If you use CCleaner for Windows, update the application immediately because a backdoor for hackers has been installed on the software. This malware then allows them to install other dangerous programs, like ransomware or key loggers, onto the infected machines. According to Avast, who own CCleaner, 2.27 million users could have been affected by this incident. Avast are quick to add, however, that users should not worry.
CCleaner is a file cleaning tool that has been downloaded 2 billion times and averages about 5 million downloads a week. Cisco Talos, who discovered the vulnerability, raised the alarm on September 13th when version 5.33 of CCleaner triggered their detection systems.
The affected version of CCleaner, that has the malware, was launched on August 15th but the latest version, version 5.34, which arrived on 12th September no longer has the problem. This is why it is important to update immediately if you’re not using the latest version of CCleaner.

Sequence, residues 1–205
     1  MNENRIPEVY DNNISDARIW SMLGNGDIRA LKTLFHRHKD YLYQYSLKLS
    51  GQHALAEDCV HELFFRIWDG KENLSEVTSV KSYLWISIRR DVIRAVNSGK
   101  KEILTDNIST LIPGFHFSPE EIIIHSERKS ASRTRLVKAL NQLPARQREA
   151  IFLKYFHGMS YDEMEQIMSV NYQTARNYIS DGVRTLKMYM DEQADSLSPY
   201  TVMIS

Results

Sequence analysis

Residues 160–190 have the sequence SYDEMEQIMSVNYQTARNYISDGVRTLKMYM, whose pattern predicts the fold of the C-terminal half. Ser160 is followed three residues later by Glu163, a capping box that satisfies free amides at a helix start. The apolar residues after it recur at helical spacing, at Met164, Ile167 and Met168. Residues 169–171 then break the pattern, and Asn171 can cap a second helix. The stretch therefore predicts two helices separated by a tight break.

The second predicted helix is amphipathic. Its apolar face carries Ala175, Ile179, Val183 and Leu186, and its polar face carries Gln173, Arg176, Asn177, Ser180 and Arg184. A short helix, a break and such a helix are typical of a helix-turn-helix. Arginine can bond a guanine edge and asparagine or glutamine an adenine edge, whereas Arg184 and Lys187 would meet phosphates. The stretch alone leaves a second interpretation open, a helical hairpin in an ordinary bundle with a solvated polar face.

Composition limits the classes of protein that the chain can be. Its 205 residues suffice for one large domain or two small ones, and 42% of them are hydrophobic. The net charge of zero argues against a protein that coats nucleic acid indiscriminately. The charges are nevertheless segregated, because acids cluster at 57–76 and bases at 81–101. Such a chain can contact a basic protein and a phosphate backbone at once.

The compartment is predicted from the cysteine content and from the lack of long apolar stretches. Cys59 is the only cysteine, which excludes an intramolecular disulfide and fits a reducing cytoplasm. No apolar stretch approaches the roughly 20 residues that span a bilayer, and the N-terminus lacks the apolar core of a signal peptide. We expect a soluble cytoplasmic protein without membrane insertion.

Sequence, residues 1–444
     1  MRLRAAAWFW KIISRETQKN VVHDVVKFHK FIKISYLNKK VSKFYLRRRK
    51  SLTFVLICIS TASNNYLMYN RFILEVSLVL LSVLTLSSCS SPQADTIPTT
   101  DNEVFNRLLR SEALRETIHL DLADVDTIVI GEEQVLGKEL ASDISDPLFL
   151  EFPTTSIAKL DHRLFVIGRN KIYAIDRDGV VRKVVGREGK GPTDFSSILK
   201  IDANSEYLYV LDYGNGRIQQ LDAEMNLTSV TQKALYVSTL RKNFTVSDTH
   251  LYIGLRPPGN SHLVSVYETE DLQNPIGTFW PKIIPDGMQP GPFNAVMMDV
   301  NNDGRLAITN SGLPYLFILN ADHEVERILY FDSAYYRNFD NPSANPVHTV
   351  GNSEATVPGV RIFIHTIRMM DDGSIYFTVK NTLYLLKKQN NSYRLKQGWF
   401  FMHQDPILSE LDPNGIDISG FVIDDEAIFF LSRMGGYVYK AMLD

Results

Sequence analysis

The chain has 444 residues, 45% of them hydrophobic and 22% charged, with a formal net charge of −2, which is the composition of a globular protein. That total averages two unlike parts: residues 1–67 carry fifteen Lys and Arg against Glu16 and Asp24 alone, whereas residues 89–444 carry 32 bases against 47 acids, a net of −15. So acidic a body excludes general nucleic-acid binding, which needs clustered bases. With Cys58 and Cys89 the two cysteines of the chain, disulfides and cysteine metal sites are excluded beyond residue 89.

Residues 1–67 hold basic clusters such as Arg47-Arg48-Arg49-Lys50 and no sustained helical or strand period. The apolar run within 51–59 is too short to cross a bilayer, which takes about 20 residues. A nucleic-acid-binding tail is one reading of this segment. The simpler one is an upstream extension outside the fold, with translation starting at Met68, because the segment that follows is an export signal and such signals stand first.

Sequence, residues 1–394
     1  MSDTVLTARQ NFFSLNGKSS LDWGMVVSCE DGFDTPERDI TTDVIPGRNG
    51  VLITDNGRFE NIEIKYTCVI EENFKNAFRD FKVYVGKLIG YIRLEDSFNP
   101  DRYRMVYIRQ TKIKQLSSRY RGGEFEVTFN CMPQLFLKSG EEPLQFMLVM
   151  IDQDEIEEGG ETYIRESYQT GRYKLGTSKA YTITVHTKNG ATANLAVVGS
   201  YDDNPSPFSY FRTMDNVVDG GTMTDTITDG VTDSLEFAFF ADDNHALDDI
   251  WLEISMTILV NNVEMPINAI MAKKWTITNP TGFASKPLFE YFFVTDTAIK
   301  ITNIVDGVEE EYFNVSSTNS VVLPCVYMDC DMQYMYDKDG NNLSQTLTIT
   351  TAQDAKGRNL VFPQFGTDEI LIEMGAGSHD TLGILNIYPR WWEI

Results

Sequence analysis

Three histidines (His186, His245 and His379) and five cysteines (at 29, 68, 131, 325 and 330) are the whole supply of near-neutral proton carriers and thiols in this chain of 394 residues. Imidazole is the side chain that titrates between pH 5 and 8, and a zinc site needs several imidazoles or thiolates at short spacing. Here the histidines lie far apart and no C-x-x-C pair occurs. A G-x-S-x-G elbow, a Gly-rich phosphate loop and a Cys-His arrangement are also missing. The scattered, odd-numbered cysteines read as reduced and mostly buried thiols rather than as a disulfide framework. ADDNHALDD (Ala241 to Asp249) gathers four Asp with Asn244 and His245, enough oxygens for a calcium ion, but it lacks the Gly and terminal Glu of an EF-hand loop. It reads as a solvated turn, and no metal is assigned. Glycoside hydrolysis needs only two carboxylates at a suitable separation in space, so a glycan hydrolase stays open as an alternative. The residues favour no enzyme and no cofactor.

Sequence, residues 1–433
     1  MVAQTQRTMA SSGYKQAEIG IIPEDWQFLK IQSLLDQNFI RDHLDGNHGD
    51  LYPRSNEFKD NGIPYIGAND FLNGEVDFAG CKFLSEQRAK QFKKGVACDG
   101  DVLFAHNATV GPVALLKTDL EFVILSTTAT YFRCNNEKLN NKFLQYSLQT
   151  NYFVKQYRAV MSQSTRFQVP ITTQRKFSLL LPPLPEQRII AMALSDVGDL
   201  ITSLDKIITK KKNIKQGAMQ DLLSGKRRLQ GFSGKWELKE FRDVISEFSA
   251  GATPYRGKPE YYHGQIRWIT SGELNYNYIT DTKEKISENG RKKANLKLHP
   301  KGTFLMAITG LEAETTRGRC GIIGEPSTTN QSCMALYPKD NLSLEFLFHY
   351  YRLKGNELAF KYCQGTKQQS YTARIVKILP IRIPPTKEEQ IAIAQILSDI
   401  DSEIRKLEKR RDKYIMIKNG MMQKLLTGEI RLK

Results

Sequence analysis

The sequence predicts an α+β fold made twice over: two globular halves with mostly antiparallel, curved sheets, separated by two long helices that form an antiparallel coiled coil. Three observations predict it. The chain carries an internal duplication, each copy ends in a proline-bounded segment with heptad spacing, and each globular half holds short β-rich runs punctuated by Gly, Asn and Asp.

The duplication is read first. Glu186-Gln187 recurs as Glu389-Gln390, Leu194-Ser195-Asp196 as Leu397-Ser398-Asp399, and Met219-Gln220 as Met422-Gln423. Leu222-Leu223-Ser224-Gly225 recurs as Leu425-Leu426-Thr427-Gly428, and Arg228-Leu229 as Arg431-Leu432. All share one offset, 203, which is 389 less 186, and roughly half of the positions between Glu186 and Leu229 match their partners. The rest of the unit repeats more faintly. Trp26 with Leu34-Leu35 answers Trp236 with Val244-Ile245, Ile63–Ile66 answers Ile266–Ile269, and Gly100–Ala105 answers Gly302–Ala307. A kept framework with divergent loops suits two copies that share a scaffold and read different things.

Piriform, the Avast subsidiary has called for calm. Piriform also informed users that CCleaner Cloud (web version of CCleaner) version 1.07.3191 had also been infected by the same malware but that it has since been updated and the problem has already been solved.
“In other words, to the best of our knowledge, we were able to disarm the threat before it was able to do any harm.”
Piriform explained that the malware was preparing a second phase that would do something “bigger” but that they were able to shut it down before the second phase could launch.
Some experts don’t share Piriform’s calm outlook, however. Martijn Grooten, Editor at Virus Bulletin said:
“This is very serious. Of course, it may be that they really only stole … ‘non-sensitive data’ … but it could be useful in follow-up targeted attacks against specific users.”
The Cisco Talos blog spoke in a similar pessimistic tone:
“Supply chain attacks are a very effective way to distribute malicious software into target organizations. This is because with supply chain attacks, the attackers are relying on the trust relationship between a manufacturer or supplier and a customer. This trust relationship is then abused to attack organizations and individuals and may be performed for a number of different reasons.”
Nobody knows how the hackers have been able to pull this off. Talos suspect that it could even have been a Piriform employee.